Tuesday, July 6, 2010

Surviving Summer in the Car

I've spent the last 7 out of 8 summers with children in the backseat of my car.  Of those 7, 4 included a baby under the age of 1 year.  If anyone knows how miserable chasing around town in a stifling car with little ones is, it's me.  Have I mentioned I live in the southwestern US?  Where the inside of a car gets to be 130+ degrees in the afternoon?  Yeah.

Riding in a hot car is miserable for anyone, but it can be downright dangerous for an infant.  What's worse, for the AC to even reach the baby, it has to go past the front seats, over the rear-facing baby carseat, and around the sides to baby. I'm not typically a coddler.  I'm not terrified of my child having to be uncomfortable now and then.  But extreme heat is nothing to mess with.

I thought I'd share a few tips I've picked up over the past few years.

1. A little preparation goes a long way.  Write a list of everything you'll need to keep cool in the car.  Hang it on the door you use to exit the house, or laminate it and stick it in your purse/diaper bag.  Keep your summer outing supplies (hats, sunglasses, etc) in a basket that you carry to the car with you.  When you get home, gather everything back into the basket and bring inside to keep from being damaged by the heat.

2. Time outings for the coolest parts of the day.

3. Park in the shade with all windows cracked.

4. Dress everyone in loose, cotton clothing.

5. Apply chemical sunblock 30 minutes before you leave the house (not necessary to wait if using a barrier sunblock), and make sure everyone's wearing a hat and sunglasses (if they'll keep them on).  Margaret used to rip her sunglasses off as soon as they were on her face, but she soon learned it's a lot more pleasant to leave them on and not have to hide from the sun.

6. If your car doesn't have tinted windows, use window shade clings to keep sun off faces.  The cling shades don't pose a projectile risk in case of a crash, like suction cup roller shade designs can.

7. Bring a small insulated bag (We use one made for transporting baby bottles.  Try an insulated lunchbox, a small cooler, or an insulated grocery bag if you have more than one child.) to store the following "cooling off" items:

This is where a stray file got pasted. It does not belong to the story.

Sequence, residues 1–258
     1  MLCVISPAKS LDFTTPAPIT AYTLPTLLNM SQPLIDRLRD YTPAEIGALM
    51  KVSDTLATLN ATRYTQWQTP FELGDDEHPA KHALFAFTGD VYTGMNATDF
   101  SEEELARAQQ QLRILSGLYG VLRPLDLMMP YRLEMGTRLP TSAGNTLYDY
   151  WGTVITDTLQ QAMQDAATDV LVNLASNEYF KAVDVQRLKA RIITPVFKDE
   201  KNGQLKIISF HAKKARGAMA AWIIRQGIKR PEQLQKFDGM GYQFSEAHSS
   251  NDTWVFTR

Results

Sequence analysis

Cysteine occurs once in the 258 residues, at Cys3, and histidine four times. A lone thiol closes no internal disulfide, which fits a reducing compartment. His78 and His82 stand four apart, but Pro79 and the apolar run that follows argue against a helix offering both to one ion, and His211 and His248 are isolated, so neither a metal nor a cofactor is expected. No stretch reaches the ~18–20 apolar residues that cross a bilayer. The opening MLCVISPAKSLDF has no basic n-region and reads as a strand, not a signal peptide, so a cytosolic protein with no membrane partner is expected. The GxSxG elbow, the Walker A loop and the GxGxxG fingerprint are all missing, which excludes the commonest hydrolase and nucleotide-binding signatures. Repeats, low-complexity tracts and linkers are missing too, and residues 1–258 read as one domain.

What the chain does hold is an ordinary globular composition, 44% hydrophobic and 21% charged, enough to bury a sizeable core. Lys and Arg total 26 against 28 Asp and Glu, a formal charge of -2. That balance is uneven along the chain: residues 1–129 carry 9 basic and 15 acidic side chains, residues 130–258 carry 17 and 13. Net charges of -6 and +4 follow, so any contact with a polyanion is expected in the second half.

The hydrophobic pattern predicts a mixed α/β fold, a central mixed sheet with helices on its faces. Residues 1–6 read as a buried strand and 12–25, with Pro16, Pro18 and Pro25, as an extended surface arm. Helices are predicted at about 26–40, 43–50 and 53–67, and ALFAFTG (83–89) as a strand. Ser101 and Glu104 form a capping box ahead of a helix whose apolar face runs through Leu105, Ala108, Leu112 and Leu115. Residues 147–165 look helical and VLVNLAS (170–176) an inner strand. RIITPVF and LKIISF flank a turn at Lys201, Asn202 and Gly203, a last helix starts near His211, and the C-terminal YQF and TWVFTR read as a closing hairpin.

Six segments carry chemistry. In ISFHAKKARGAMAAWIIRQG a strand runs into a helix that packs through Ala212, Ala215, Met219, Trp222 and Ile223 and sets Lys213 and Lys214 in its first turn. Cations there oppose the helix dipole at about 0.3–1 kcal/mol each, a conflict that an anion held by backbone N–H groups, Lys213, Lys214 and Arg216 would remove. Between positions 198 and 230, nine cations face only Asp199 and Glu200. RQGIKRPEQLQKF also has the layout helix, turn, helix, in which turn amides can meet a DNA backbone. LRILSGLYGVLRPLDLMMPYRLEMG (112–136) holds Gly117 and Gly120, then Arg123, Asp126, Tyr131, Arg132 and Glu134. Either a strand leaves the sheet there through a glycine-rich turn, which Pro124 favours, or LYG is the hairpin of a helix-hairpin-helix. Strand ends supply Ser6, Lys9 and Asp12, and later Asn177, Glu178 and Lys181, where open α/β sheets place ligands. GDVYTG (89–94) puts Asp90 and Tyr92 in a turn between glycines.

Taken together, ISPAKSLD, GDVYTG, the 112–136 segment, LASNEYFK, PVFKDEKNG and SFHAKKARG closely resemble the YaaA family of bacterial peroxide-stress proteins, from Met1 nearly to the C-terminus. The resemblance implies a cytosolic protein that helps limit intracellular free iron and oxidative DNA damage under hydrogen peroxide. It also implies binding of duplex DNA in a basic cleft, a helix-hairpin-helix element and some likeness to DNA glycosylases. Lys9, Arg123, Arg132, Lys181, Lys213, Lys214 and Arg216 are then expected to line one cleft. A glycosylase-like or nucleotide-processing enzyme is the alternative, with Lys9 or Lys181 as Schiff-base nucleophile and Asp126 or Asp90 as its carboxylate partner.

8. An ice pack for each child.  We use one like this that can cover a significant portion of a car seat.  When you get out of the car for errands or outings, put the ice pack in the carseat, making sure to cover the buckles.  Store in insulated bag between stops.  Do not let children ride on top of ice packs.

9. A folding reflective sunshade for each child.  Cover each ice-packed carseat with a shade to keep ice from melting, and to keep the seat even cooler.

10. A sippy cup filled with ice water for each child.  We've had good luck with these and these for avoiding leaks.  Store in insulated bag when away from car.

11. A bottle of water and a washcloth.  If the kids are hot prior to getting in the car (from running around at the park or somesuch), wipe their faces, hands, necks, and wrists down with a wetted washcloth.  A baby wipe will do in a pinch.  Keep bottle of water in insulated bag, or use an insulated water bottle.

I'd love to hear about ways you manage to beat the car heat.

1 comment:

Anonymous said...

Love the ice tip. I need to get one of those multipacks. My tip is to make your husband park in the driveway so your car is nice and cool when you get in. :P